Each colorful book on the sprawling, neatly-stacked shelves represents an opportunity.
The Francis Scott Key School at 8th and Wolf streets cut the ribbon on a renovated library on the second floor of its school on May 8 to the delight of hundreds of students who will have the opportunity to get lost in a story.
The celebration came after years of fundraising through private donations and grants.
“I knew it would take a lot of fundraising and a lot of collective effort and sometimes you can get lost in that effort,” said Francis Scott Key School Principal Pauline Cheung. “But I’m so glad to stand here today and see that our vision has become a reality. We’re sitting in it right now. The dream has been realized.”
The Francis Scott Key School is now one of only a few schools in the city that has a fully operating school library.
“I had a vision of this library being the central hub of this community,” Cheung said. “Our closest Philadelphia libraries are still about an eight- to 12-block walk away. I wanted a library that supports all students and families and staff members and was reflective of our diverse school community. We have over 25 languages spoken in this school and we have the largest English language learner population. Every one of these students brings something to the table. They bring family history, oral histories, and we want to build on that, especially in this library.”
The library was supported by the Neubauer Family Foundation, the seniors at the William Penn House, the Fund for the School District of Philadelphia and the Christian R. and Mary F. Lindback Foundation of Philadelphia.
“This is yet another example of what we can accomplish when we work together and do great things for our young people,” said Tony B. Watlington Sr., Ed.D., Superintendent, School District of Philadelphia. “This library and this community hub helps to fulfill the school board’s goals and guardrails related to a safe, welcoming and supportive learning environment.”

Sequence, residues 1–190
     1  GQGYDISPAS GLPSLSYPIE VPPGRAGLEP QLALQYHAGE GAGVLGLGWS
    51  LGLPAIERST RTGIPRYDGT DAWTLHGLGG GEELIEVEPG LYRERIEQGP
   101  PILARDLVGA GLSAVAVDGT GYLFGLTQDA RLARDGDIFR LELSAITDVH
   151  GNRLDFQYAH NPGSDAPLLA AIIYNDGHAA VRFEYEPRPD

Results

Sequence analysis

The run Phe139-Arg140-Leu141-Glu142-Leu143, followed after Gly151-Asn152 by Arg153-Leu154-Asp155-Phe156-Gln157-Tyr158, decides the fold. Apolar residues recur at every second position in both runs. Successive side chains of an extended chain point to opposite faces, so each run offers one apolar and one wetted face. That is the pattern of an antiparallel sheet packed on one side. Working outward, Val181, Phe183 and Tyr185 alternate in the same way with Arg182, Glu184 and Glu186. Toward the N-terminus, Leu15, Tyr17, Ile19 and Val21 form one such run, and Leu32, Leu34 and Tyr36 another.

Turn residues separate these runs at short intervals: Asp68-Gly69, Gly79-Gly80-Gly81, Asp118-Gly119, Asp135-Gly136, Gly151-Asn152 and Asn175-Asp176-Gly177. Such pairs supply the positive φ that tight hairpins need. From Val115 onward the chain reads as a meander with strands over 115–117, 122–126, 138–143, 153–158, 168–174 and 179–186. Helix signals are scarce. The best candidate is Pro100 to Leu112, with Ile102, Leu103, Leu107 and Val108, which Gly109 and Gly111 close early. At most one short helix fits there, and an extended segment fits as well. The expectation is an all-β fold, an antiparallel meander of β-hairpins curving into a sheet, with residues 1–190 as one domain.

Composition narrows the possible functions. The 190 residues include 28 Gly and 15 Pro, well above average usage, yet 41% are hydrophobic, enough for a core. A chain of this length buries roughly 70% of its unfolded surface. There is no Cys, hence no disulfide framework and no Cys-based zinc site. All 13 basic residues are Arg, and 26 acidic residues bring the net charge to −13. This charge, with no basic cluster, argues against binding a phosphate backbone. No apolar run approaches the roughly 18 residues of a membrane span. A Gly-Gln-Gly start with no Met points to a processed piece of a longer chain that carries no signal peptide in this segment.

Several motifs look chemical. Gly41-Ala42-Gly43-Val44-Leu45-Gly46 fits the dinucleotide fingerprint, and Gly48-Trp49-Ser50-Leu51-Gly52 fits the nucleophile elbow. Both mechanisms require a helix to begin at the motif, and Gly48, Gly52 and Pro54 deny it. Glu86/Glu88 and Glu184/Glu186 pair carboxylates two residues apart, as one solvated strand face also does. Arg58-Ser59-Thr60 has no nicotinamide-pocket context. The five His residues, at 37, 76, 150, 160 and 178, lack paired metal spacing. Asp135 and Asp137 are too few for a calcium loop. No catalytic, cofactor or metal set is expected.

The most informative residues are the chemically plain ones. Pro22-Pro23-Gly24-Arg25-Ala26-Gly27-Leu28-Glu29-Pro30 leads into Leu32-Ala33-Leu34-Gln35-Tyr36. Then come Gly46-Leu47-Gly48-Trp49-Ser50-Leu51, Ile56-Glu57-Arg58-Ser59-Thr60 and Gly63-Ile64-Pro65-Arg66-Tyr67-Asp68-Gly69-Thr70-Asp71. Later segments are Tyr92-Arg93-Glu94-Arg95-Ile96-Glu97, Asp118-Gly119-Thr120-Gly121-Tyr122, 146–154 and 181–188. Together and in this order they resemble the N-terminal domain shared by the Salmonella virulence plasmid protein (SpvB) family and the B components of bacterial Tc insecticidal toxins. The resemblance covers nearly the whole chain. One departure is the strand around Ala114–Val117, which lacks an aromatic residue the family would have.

Watlington said libraries played a crucial role in his own childhood development.
“I remember when I was your age, I would like to go to the library and read a lot of non fiction,” Watlington told a room of elementary students. “I was particularly interested in things related to history because I was naturally curious. Libraries really helped me to explore my curiosity.”
After the official ceremony, Watlington read the book Dream Street to children in the comfy new library space. The reading space was one of several new added features, which include diverse books that reflect the student population and a smart board. And the library is just one of several new upgrades coming to the Key School. The Lower Moyamensing school will also receive an outdoor play space including an artificial mini turf soccer field and an outdoor classroom, thanks to state funding secured by Rep. Elizabeth Fiedler, in the fall.
“I’m excited to come back to the outdoor space and maybe we can play some soccer,” Fiedler said to a cheering group of students. “But today, I hope that you enjoy the books here. We’re all really excited to see this space and see you learn and grow and become such amazing leaders here in our community.”
Thoai Nguyen, CEO of Southeast Asian Mutual Assistance Association Coalition, better known as SEAMAAC, is a Francis Scott Key alum and a father of a current fifth-grader at the school. He praised the value of a good library in a diverse neighborhood.
“I’m a proud alumni of Key School and a product of public school entirely,” Nguyen said. “I’m a product of public investment in public education. When I was in school here, this library was my sanctuary. I grew up and (still) live in this neighborhood. I can’t tell you what that means to a young refugee boy just coming to the United States. To be able to learn, to grow and to see potential. This is a place of possibility.”